11. I'm technically italian (I was born and live in Italy) and I never thougth mario was offending my 'national or cultural identity'.

  12. As a Canadian with some Irish in my blood, I'd be lying if I said the stereotypes of the polite, hockey-playing mountee and drunken, wife-beating leprechaun didn't get to me.

    Not sure if I'm with you on Super Mario though. He seems harmless to me. Not to sound like a jerk or anything. Terribly sorry.

    Have a good day.
    George Morrow

  13. Noone clings to negative stereotypes about Italian-Americans more than Italian-Americans, present company excluded.

    Mario's character isn't really negative or stereotypical. Yes he does have the accent, but he's not a meathead, doesn't eat pizza, isn't in the mafia, doesn't have frosted tips and a fake tan, doesn't call blacks mulianos, etc. That's real talk.

    If you are really eager to be offended you can manufacture a outrage about it I guess, but it seems gentle in comparison to what some other ethnicities have to deal with.

  14. Thank you so much for this. As an Italian American( on top of that I'm also from Brooklyn!) I find these stereotypes to be very hurtful. I've been on interviews with major companies and they have asked me if I saw the previous night's Sopranos. The reason why this is acceptable is because a large of Italian EMBRACE the stereotype. They like to think they are on the Sopranos or Goodfellas. We need to show more postive figures in the media.

  15. Well, speaking as a German with some French, Italian, Czech and probably Polish ancestors, I'd say part of the problem is that one tends to be more sensitive about stereotypes about one's own group. So of course you are more bothered about mafiosi and whatever stereotypes Super Mario propagates apart from "Italians speak with a funny accent" (which at first blush is not really that different from "Englishmen/Scots/Australians speak with a funny accent") and "speakers of English as a second language make grammatical mistakes" than e.g. about Germans being portrayed either as goose-stepping Nazis (any number of comicbook villains) or lederhosen-wearing sausage-suckers (Uter in The Simpsons).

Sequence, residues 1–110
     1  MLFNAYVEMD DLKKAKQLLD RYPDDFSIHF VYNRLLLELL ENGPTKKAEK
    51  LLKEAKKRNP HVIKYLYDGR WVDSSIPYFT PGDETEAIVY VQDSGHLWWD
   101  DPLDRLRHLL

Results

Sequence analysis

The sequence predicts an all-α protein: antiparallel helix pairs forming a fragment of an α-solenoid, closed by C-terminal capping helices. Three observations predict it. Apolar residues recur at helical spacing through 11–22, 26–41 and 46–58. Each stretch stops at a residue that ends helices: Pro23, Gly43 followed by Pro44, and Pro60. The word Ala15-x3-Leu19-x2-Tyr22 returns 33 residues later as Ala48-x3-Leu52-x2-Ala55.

As for the strength of the mafioso stereotype, there are a couple of factor to consider here:

    Yes, there is organized crime connected to other ethnic groups in the US and elsewhere, but for the most part it is not that well known as the mafia. Lots of people will be familiar with terms like "omertà", "capo di tutti capi" and "consigliere" (even if they can't pronounce them correctly), but not the equivalent terms from e.g. the Russian mob. Part of the reason is of course that the media have been on working on mafia themes a lot longer and better (The Godfather is a bestselling novel and a trilogy of classic movies), another is that Al Capone, Lucky Luciano et al. became celebrities, iconic even in real life (there's probably dozens of restaurants called "Al Capone" or "Casa nostra" etc.).

    Another factor is probably that part of the mystique of the mafia is its family-based structure, which gives it a more "cosy" image than e.g. the Russian mobs, even though that may not actually be justified in real life. Belonging to the mafia can easily be portrayed as belonging to a real or surrogate family. Also, since a lot of the stereotypes about the mafia hearken back to Prohibition days, there's possibly even a bit of nostalgia involved. How many comicbook mafiosi tend to be dressed in pre-World War 2 clothes? And with stuff like the "kiss of death" etc., there is a bit of ritual involved to spice things up. You also get quite a bit of that with East Asian criminal societies (Yakuza, Triads), who probably are almost as omnipresent as the mafia in present-day mass entertainment.